What is Human Trafficking?
Human trafficking and modern slavery affects millions of men, women and children across the world.
It is defined by the United Nations Office of Drugs and Crime as:
Broken down into simpler terms, this means human trafficking is made up of three elements:
What is Modern Slavery?
This acts as an umbrella term, which covers a number of human rights issues, Human Trafficking is a form of Modern Slavery.
Modern slavery also encompasses:
Trafficking and slavery are happening in nearly every community; however, this is often a crime that appears hidden. Being able to spot the signs and identifying it is the key to stopping it.
What to look out for
There are many different signs that a person might be at risk or being exploited and they may change depending on the type of exploitation. A few to be aware of include, if a person:
What to do if you suspect that someone is in slavery?
If you suspect that someone is in slavery, DO NOT confront them or cause a scene as this will likely lead to increased harm for them. Instead, inform relevant authorities or organisations working in the field.
If you are in the UK and suspect someone might be in slavery, you have several options:
The National Referral Mechanism (NRM)
The National Referral Mechanism (NRM) is a government framework for identifying victims of human trafficking or modern slavery and ensuring they receive the appropriate support.
Who can make a referral into the NRM?
There are only certain approved organisations who are 'First Responders' who can refer a person into the NRM. The First Responder will speak to the potential victim of human trafficking and/or modern slavery to discuss the NRM and assess whether they show indicators of trafficking. If the First Responder believes an individual may have experienced trafficking or slavery and the potential victim agrees to a referral being made, then the First Responder will complete a form and send it to the Competent Authority. You can find a list of First Responders here.
Two of the key First Responders are the Local Authority & Police but the Salvation Army are also First Responders and they have a 24/7 referral helpline: 0300 303 8151
What happens after a referral is made?
Once a referral has been made, individuals are generally offered support. If they do not have accommodation, they might be offered accommodation in an NRM safehouse or if they do not wish to access accommodation, they might be offered outreach support in the community. NRM support is facilitated by the Salvation Army who utilise the expertise of a number of charities to provide support while in the NRM decision making process. Within 5 days an initial decision is made; this is known as a reasonable grounds decision, and if this decision is positive then individuals can remain in support until their conclusive ground decision is made.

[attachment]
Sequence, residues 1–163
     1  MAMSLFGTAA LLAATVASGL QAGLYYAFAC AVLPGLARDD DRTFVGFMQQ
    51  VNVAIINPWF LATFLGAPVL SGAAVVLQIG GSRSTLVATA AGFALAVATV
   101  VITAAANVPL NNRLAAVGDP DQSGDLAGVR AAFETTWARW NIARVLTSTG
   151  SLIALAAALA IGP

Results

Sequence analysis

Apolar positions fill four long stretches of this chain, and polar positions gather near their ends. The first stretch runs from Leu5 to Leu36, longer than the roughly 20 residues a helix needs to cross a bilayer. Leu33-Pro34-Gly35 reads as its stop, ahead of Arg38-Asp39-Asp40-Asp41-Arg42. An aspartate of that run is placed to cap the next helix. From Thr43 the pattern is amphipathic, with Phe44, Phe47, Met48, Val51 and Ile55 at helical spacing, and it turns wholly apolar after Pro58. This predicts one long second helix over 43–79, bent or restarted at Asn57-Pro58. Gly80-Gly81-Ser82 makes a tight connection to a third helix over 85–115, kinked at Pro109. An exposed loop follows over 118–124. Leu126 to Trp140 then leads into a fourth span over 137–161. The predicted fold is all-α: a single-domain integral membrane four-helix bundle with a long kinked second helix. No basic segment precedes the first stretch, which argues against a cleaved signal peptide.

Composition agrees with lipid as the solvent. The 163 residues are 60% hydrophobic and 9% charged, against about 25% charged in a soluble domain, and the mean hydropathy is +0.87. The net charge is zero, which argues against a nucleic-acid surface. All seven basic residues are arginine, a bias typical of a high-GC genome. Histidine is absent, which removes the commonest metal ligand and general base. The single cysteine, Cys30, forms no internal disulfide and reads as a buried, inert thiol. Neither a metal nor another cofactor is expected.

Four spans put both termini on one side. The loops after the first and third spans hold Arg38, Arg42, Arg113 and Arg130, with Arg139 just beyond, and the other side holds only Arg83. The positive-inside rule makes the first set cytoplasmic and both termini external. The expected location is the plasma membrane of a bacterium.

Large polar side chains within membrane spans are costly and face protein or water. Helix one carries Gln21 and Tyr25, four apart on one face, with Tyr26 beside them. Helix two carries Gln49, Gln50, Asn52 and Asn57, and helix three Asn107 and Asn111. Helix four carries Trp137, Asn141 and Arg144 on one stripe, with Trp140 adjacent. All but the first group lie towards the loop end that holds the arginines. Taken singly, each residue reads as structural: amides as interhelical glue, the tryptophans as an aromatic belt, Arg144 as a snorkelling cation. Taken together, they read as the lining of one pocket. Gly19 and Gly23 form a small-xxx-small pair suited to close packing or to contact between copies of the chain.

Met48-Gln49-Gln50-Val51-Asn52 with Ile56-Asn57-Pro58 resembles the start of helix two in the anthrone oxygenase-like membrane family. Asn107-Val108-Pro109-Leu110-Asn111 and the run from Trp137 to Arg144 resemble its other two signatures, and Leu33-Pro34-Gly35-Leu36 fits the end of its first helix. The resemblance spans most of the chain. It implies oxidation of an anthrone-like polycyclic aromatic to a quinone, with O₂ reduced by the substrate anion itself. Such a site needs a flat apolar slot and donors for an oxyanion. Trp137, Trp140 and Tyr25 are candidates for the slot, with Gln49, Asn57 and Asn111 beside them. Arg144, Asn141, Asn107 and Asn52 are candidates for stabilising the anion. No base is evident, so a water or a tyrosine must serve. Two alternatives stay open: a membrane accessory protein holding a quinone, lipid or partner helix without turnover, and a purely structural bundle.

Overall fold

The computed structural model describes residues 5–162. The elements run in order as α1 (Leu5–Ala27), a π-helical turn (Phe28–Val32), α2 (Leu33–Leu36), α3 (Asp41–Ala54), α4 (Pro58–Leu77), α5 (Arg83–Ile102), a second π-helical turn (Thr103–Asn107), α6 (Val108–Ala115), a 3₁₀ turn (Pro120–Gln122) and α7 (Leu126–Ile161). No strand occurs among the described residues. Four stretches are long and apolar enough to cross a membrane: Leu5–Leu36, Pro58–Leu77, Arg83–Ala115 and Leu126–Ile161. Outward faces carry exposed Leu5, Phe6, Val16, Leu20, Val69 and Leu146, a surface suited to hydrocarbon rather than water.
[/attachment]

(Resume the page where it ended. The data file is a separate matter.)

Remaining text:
The NRM grants a minimum reflection and recovery period of 45 days for victims of human trafficking. During this time trained case owners at the Single Competent Authority decide whether individuals referred to them should be considered to be victims of trafficking according to the definition in the Council of Europe Convention. The decision-making process will take no less than 45 days but there is no deadline on when it must be completed. Once an individual receives a positive conclusive grounds decision then a Recovery Needs Assessment will be completed and if the single competent authority agrees that support should be ongoing, this will continue for up to 6 months.
What happens after the NRM?
Many individuals will exit the NRM with a long journey ahead of them, with various barriers to overcome.
Rebuild East Midlands started in 2017 in response to the increasing number of individuals identified as living in Derby who had experienced human trafficking and modern slavery, and were not receiving the support they needed to recover and rebuild their lives.
This is where Rebuild East Midlands will support individuals to overcome barriers they may face in moving forward with their lives. Rebuild caseworkers will work closely with individuals to ensure that they get the right support and encouragement to integrate back into the community, and rebuild their lives.
Breakdown of terminology:
- NRM – National Referral Mechanism (the government system for identifying victims of modern slavery, as well as a pathway to support).
- Single Competent Authority – the NRM decision making body within the Home Office.
- First Responder – a specific organisation with the ability to refer someone into the NRM (e.g Local Authority, Police, Salvation Army and many more).
- Reasonable grounds decision – the initial decision from the Competent Authority that someone is a potential victim of modern slavery..
- Conclusive grounds decision – the final decision from the Competent Authority that someone is definitely a victim of modern slavery.